What is the purpose of a <filler> in TeX's syntax?

Space is perhaps easier to justify as it makes some tex primitives that take braced arguments act a little bit more like macros where \frac {1} {2} the space token before the second brace is ignored. It is also why spaces after = in \count0 = 2 are ignored, however in both cases there are perhaps more natural places in the grammar where spaces could have been absorbed.

\relax is harder to justify but I would guess it is for

\insert <8 bit number> <filler> {...}

where it means that if you have a habit or a macro that always terminates numbers with \relax you can have

\insert 250\relax {...}

But to be honest it mostly looks like an early syntax idea from the start of the TeX design that doesn't really make sense the way TeX finally came out.

Quite often the tex source (tex.web) is more informative than the texbook for this sort of thing but the word filler does not appear and all it says that I can see is

@ The |scan_left_brace| routine is called when a left brace is supposed to be
the next non-blank token. (The term ``left brace'' means, more precisely,
a character whose catcode is |left_brace|.) \TeX\ allows \.{\\relax} to
appear before the |left_brace|.

which doesn't give much of a clue as to why \relax is allowed.

The grammar given in The TeXbook documents what the program (TeX) does, rather than the program being written to match a specific grammar. (Although I can't definitively prove this, this is fairly clear (IMO) from looking at both; also consider these stories.) So as pointed out by David Carlisle's answer, the relevant part seems to be scan_left_brace in the TeX program's source code (available as a book, with texdoc tex, or online):

Sections 403 and 404

So your question seems to boil down to why scan_left_brace (as called from scan_toks, which is called when acting on \uppercase etc.) ignores both spaces and \relax tokens. Some clues are available in TeX's change log (available with texdoc errorlog or online) (to make sense of it see also Notes on the Errors of TeX and the paper The Errors of TeX, reprinted with additions and corrections as Chapters 10 and 11 of Literate Programming). If you look for the relevant sections 403 and 404, you see:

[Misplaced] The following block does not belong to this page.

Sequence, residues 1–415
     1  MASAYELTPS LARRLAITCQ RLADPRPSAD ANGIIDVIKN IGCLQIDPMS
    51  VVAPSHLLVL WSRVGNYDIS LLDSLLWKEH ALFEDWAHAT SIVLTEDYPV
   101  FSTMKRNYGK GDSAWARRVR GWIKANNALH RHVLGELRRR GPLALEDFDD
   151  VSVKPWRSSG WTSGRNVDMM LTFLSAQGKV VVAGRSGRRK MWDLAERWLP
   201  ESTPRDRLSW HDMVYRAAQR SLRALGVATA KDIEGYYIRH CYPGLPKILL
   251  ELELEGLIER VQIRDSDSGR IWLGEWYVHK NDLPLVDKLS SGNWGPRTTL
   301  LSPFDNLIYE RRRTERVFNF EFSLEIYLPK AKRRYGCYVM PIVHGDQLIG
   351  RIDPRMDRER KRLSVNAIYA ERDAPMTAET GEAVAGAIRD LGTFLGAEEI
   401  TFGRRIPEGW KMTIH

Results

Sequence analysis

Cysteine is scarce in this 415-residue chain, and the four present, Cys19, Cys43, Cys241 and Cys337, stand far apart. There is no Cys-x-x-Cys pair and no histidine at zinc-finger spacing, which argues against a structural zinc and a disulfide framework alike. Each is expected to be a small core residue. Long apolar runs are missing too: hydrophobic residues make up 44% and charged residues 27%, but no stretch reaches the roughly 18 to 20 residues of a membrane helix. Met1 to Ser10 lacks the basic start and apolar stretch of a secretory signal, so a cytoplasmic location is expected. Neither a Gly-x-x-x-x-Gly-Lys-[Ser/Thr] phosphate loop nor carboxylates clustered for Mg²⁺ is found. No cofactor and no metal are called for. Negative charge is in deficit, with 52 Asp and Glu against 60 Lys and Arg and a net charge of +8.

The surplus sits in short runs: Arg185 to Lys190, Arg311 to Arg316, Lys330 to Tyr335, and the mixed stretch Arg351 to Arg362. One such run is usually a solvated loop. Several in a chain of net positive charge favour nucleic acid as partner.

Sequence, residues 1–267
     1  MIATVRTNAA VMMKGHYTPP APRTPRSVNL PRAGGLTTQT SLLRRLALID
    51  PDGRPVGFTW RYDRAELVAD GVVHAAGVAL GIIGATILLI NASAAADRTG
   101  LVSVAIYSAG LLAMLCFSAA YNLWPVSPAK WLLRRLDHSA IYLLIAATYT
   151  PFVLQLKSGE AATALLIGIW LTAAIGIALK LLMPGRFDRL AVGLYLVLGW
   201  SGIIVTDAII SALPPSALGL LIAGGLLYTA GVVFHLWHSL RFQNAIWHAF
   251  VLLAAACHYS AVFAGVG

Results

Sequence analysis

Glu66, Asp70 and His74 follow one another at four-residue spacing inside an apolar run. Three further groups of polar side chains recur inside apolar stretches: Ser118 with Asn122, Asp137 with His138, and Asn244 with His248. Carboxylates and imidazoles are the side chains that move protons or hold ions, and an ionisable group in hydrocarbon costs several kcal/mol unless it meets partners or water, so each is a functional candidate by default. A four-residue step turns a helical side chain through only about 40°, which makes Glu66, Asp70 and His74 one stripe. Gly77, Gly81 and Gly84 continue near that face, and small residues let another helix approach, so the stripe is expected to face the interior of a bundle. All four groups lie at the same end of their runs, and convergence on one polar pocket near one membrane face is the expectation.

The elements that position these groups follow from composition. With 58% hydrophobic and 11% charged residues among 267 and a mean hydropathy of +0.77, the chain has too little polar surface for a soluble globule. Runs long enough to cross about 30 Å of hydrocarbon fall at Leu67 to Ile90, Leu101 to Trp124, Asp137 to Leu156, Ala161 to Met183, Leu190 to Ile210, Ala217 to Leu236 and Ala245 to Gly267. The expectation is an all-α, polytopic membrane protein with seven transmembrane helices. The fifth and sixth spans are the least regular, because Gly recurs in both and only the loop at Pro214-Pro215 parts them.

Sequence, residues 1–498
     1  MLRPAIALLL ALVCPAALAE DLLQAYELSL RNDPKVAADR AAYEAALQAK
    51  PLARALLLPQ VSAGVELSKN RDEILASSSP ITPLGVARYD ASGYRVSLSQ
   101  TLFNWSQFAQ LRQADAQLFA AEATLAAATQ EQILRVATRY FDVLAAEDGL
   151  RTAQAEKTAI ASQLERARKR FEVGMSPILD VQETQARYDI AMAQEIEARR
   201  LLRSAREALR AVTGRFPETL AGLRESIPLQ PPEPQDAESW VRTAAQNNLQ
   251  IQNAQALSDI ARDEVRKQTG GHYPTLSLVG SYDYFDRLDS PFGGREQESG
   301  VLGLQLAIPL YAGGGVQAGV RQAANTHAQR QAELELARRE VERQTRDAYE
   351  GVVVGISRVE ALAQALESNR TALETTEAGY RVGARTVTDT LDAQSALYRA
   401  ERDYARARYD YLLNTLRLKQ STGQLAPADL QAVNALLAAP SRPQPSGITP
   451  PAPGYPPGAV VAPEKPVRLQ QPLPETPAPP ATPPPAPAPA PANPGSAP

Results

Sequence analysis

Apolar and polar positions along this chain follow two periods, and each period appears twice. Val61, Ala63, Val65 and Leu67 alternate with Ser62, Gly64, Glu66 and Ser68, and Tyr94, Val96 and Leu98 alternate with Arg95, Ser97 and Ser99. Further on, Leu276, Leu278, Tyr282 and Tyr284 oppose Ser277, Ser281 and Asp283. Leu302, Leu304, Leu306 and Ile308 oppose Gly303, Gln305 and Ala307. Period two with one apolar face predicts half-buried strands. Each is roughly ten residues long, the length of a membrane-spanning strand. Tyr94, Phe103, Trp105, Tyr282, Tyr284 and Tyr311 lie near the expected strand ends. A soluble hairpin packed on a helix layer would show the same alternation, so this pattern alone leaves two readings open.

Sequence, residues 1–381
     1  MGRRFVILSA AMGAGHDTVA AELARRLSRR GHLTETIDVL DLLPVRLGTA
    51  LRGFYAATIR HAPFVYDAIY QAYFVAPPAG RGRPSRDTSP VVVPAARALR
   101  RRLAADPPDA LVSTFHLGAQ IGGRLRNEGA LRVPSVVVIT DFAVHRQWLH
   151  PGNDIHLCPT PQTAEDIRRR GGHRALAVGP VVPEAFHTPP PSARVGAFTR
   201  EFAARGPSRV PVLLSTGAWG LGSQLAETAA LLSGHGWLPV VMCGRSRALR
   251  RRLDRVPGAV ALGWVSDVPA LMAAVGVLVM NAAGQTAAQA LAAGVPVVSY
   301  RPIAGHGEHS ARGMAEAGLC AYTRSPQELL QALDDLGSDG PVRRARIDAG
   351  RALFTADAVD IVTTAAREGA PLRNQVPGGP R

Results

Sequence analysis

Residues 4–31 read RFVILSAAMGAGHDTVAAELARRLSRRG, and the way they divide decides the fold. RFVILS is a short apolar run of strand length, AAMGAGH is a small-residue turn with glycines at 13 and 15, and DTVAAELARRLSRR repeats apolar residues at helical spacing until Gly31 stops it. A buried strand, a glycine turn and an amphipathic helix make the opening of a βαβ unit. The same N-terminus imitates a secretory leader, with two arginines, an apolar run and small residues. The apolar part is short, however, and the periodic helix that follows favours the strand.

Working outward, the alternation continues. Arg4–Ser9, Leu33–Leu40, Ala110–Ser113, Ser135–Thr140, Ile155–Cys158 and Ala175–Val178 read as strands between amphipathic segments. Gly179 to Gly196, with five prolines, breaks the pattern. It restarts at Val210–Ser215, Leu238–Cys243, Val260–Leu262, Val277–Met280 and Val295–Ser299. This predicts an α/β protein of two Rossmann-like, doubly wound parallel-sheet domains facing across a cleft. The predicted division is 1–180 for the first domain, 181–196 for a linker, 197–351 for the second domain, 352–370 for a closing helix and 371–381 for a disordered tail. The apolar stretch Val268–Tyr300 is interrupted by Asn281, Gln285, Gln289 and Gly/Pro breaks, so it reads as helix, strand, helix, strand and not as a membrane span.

• [19 May 1978] Change 251 [Algorithmic Anomaly]. Skip past blanks in the scan_math procedure. [This blank-skipping will eventually go into scan_left_brace.] [Affects §403.]

  • [5 Mar 1981] Change 498 [Cleanup for Consistency]. Allow optional space before a required left brace, e.g., \if AA {...}. [See Change 251.] [Affects §403.]

  • [28 May 1983] Change 699 [Cleanup for Consistency]. Ignore ‘\relax’ as if it were a space, in math mode and in a few other places where \relax would otherwise be erroneous. [Affects §404.]

(FWIW, The TeXbook's preface is dated June 1983; it was first published in 1984.)

I think this may give some clue towards the question (if I understood it). At least for spaces, there are many examples for which it makes sense. When it comes to \relax, note that just like the §404 "Get the next non-blank non-relax non-call token" there's another §406 "Get the next non-blank non-call token" where \relax is not ignored, and it's used in another bunch of places (like scan_optional_equals). So you might ask why each of those places chooses to ignore \relax rather than not, and it may be hard (for me) to explain each of those choices (though it must have been a conscious choice as it would have been so easy to choose otherwise).